Wesley Dowdell auditioned for his first play in an attempt to get out of a maths class at Onehunga High School. It was love. At 17 the “born Westie” began the first of many roles with Auckland’s Massive Theatre Company. In 2007, a guest turn playing a gormless tow truck driver on Outrageous Fortune blossomed into an ongoing role. In 2014 he got behind the drumkit — playing Knuckles in comedy series Coverband.
It's quite fun playing an egg. Wesley Dowdell on his role in Outrageous Fortune, on radio station The Rock, 17 June 2009
In this family-friendly feature, Santa (Finnish actor Kari Väänänen) does a runner to a beach in Aotearoa days before his big night of the year, fed up with bureaucracy and brats. It falls to two Kiwi kids to get him out of the southern sun, and back to global gift giving. Director Tony Simpson (Kiwi Flyer) pitches the North Pole native against Kiwi biosecurity and a bickering camping family (including Step Dave's Sia Trockenheim). Sunday Star Times critic James Croot praised the trio of writers for delivering "a rare 21st century effort that evokes the memory of the great kidult dramedies."
The second season of comedy web series The Māori Sidesteps sees the now established band (who still work at Pete’s Emporium) facing a plethora of absurd challenges. Hoani questions his heritage and joins another, much whiter, band, Jamie faces marriage trouble, and Lemmi’s Samoan roots leave him in very hot water. Meanwhile Riki faces delusions of living in the Old West, Kelly gets the band an uncomfortable booking at a “birthday”, and Dollar$ faces competition as the band’s manager from the enigmatic Maui (Te Kohe Tuhaka).
This 2016 miniseries dramatises the life of legendary Everest conquerer Edmund Hillary. Written by Hillary's friend Tom Scott (who also wrote Hillary documentary A View from the Top), the six-part drama covers Hillary's life from growing up poor with a disciplinarian father, to romance, Everest, Antarctic adventures, and tragedy and achievement in Nepal. It was directed by Danny Mulheron (The Kick). Hillary was nominated for six NZ Television Awards, including for Andrew Munro's portrayal of Sir Ed. Dean O'Gorman won Best Actor, as Hillary's friend and climbing companion George Lowe.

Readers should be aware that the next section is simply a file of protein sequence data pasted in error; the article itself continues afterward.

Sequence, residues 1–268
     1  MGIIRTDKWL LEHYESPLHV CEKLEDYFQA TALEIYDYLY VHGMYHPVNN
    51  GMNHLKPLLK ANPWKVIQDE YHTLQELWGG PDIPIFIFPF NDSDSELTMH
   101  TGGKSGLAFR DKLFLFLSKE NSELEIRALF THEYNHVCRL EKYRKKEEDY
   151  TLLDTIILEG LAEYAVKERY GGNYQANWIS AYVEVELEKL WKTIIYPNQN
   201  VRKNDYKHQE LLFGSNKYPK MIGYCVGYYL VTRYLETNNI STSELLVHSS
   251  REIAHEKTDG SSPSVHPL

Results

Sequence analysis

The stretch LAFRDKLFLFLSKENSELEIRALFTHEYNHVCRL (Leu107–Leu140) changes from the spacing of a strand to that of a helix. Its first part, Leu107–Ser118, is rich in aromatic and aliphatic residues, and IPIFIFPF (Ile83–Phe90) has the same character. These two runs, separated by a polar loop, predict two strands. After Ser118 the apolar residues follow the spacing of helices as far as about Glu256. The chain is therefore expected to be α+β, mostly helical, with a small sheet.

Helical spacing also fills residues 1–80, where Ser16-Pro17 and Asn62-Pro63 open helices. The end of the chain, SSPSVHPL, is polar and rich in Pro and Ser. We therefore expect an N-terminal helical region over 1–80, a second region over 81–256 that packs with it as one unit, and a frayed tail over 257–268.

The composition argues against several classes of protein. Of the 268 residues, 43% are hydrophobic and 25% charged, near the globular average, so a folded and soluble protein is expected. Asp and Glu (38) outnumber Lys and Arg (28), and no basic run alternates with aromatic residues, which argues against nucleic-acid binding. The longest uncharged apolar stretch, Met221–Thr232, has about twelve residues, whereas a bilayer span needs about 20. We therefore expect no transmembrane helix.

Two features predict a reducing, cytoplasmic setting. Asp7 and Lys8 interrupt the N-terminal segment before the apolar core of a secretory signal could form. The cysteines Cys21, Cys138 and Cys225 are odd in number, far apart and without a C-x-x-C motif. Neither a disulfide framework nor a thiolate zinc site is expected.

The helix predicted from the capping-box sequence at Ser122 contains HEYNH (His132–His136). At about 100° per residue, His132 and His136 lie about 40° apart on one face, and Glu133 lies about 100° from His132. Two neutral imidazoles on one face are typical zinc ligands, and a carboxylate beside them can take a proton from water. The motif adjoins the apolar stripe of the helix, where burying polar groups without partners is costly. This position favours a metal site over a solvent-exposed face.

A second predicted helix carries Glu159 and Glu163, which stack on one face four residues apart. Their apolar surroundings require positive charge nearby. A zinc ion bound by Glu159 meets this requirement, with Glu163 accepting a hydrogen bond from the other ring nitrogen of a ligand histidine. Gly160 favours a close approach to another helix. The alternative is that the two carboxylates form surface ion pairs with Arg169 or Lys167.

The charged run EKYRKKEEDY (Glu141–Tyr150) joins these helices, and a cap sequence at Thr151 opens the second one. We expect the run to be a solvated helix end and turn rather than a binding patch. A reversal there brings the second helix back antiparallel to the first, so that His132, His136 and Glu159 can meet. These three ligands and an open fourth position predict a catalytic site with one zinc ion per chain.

Director Paul Murphy follows Second Hand Wedding with a romance featuring comedian Rhys Darby, songs by Queen and ... a duck. Darby plays heartbroken nice guy Doug: after a close encounter with a native duck (a paradise shelduck) with emotional problems, he enlists expert help from a sassy animal specialist (played by Brit Sally Hawkins, a Golden Globe-winner for feature Happy-Go-Lucky). True to rom-com form, love ensues ... eventually. NZ Herald reviewer Russell Baillie called Love Birds “an endearingly funny, if sugar-coated local romantic comedy”.
Creating and playing all of the main characters in Super City made for a "physically exhausting" experience for Madeleine Sami. But the hard yakka paid off, with the first season winning Sami a best actress gong and rave reviews. The show weaved the storylines of very different Aucklanders (five in season one, and four new characters in season two): including a ditzy Indian cheerleader, an Iranian male taxi driver obsessed with Māori culture, and a homeless woman. Taika Waititi (Boy) directed the first series; Oscar Kightley (Sione's Wedding) took over for season two.
Created by superhero fan Stephen J Campbell, this light-hearted adventure series follows teen Ben Wilson (Carl Dixon) who discovers his father and grandad have done time as superheroes. Still getting to grips with the basics of being one himself, Ben enlists family and friends to help fight assorted villians. The show ran for three seasons, and spawned web series The Wired Chronicles and Origins. Nominated for awards in Rome and New Zealand, it picked up one in Korea. The eclectic cast included the tried (David McPhail) and the new (Hannah Marshall from Packed to the Rafters).
After her husband is jailed, matriarch Cheryl West (Robyn Malcolm) decides the time has come to set her family on the straight and narrow. But can the Wests change old habits? So begins the six-series long saga of the Westie dynasty. Hugely popular at home (beloved by public, critics and awards-nights alike), and imitated overseas, Outrageous Fortune has been a flag-bearer for TV3 and contemporary NZ telly drama; the series proved — in all its grow-your-own glory — that genre TV in NZ could be so much more than overseas stories pasted to a local setting.
A series of farming mishaps each provoke the laconic comment — “bugger”. That was the formula behind one of New Zealand’s most iconic advertisements. Made by Saatchi and Saatchi to follow up the beloved Barry Crump/Lloyd Scott Toyota ads, and directed by Tony Williams, it attracted 120 complaints to the Advertising Standards Authority (who ruled that “bugger” was unlikely to cause serious offence). The shock value of that word, the role of Hercules the dog, and the performance of the hapless farmer (in the tradition of Fred Dagg and Footrot), made for Kiwi pop culture magic.